John Davidson has played a key role in helping to change people’s lives.

John Davidson has played a key role in helping to change people’s lives.

Not only that but the people who attend First Baptist Church of Carthage, where Davidson pastors, as well as other churches in the Spring River Baptist Association, can say they have had a big part, too.

Davidson has put in long hours this week as the Joplin project coordinator for World Changers, an international ministry of LifeWay Christian Resources that each summer works to improve substandard housing.

For many it has not just been a matter of donating their time but, also, their money, as was evidenced in an announcement early this week by Rebuild Joplin.

A spokesman for the organization, which has helped build homes for Joplin tornado survivors for the last two years, said that $30,000 each has been donated by Carthage First Baptist and Forest Park Baptist of Joplin to the work of Rebuild Joplin.

Even though the donations were submitted by those two churches, in reality the money came from not only those two congregations but, also, from other churches and individuals connected with the SRBA to be used toward tornado relief.

In connection with the donations, student volunteers and adult leaders with World Changers arrived in Joplin on June 22 to do everything from building a house from scratch to doing all kinds of remodeling and repairs. Their jobs come to an end on Saturday.

Representing 13 churches from not only Missouri, but, also, Illinois, Indiana, Colorado, Tennessee and New Mexico, 238 students and adult leaders worked in temperatures mostly in the 90-degree range all week long, while taking up lodging at Calvary Baptist Church in Joplin.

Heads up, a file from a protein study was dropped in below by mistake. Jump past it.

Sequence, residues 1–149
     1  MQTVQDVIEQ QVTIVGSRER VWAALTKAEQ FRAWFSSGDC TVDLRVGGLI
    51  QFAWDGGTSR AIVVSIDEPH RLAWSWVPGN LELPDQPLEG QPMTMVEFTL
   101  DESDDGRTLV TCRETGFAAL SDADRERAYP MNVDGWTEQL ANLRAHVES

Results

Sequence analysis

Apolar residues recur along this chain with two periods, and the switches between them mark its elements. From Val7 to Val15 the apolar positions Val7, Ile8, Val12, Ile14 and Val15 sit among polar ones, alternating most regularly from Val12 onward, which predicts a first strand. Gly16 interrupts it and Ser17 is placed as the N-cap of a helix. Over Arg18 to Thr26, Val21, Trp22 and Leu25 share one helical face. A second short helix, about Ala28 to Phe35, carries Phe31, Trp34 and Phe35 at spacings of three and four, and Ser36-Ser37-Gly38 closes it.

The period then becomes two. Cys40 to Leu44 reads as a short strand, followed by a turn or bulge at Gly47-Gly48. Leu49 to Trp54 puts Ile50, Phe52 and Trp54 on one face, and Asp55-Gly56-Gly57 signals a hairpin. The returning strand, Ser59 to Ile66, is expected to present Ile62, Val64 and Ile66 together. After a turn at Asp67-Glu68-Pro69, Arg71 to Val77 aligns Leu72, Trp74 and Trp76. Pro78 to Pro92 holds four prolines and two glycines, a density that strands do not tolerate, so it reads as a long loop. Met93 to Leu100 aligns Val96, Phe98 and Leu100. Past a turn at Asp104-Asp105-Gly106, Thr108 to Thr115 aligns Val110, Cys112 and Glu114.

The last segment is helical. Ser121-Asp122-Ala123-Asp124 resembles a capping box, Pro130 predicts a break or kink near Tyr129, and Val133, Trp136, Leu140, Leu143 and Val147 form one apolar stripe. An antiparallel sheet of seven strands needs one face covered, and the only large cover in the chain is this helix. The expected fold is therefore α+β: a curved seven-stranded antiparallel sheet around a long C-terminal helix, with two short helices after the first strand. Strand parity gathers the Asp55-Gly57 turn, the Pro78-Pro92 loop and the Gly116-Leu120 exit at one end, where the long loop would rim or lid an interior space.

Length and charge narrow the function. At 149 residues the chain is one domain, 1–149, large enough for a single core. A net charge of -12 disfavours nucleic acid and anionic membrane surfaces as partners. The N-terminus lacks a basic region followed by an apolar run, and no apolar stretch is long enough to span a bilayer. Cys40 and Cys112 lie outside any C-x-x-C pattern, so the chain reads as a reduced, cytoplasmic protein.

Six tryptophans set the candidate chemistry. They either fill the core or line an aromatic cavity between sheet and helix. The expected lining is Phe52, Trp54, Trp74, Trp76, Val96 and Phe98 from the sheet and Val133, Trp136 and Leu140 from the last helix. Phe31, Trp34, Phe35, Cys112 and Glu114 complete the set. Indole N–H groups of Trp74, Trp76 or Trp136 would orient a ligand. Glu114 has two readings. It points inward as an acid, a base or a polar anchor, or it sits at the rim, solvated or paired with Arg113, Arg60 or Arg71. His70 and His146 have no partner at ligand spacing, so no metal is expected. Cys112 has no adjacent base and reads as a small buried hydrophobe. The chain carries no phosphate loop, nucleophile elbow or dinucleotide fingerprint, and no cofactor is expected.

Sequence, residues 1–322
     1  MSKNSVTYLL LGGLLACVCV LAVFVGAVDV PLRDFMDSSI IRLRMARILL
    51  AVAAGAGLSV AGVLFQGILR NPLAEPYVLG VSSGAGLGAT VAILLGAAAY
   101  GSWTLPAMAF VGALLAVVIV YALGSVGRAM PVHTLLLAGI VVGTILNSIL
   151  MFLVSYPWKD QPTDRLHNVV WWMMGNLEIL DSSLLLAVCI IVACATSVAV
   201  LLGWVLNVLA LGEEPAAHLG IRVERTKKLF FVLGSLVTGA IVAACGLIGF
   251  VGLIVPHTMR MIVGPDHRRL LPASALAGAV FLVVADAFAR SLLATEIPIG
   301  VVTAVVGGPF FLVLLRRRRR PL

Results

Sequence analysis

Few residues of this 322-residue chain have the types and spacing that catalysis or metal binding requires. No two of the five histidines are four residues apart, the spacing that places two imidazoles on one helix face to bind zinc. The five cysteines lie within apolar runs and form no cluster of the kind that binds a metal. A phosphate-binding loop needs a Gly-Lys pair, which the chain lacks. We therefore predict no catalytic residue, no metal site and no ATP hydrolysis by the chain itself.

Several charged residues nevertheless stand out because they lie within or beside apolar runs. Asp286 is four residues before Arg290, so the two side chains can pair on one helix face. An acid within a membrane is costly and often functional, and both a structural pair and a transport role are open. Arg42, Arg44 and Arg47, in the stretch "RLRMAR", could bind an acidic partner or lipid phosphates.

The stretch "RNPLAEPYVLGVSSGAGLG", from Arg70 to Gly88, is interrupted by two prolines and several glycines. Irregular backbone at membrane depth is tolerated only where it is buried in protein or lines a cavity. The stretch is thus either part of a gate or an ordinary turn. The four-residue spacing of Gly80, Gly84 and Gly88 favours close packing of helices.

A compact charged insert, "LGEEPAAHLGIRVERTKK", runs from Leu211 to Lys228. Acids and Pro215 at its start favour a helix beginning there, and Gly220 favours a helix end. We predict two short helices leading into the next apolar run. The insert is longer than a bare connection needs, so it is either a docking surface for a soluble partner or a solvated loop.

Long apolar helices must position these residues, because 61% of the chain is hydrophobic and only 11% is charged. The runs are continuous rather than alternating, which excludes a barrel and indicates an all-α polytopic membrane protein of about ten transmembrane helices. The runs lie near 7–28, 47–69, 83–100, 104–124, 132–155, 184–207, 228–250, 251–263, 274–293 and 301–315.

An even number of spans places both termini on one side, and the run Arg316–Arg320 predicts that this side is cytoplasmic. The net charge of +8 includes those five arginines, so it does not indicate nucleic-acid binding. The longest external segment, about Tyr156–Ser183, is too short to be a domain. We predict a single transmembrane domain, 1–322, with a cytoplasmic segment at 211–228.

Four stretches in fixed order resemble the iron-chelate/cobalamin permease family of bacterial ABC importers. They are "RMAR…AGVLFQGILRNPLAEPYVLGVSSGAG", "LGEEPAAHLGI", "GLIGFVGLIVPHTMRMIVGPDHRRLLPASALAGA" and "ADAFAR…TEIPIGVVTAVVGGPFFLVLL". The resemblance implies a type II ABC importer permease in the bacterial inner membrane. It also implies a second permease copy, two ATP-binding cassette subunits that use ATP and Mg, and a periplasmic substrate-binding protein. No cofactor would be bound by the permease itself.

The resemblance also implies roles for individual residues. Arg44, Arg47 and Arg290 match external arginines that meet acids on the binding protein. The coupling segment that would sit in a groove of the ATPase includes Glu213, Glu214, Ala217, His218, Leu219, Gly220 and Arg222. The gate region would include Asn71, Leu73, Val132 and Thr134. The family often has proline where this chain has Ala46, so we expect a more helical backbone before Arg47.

When volunteers pack up on Saturday, they will either head home or leave for their next work site.

In the case of Brenna Fouts, missions and communications specialist with World Changers, she will be heading for the next mission at Little Rock, Ark. Fouts, who is from Illinois, is a student at East Tennessee State University.

She has gone to six World Changers camps during her high school and college years.
Davidson, who spent 37 years as a youth minister, said this marks the third straight year that Carthage First Baptist has been involved with World Changers.

“It is not because of the tornado that World Changers came to Joplin,” he said. “We were already on a site before the tornado arrived. We are committed to working in Joplin every year for five or six years. We are not just these volunteers that showed up because of this unique thing that happened with the tornado. It just happened to coincide with the tornado.”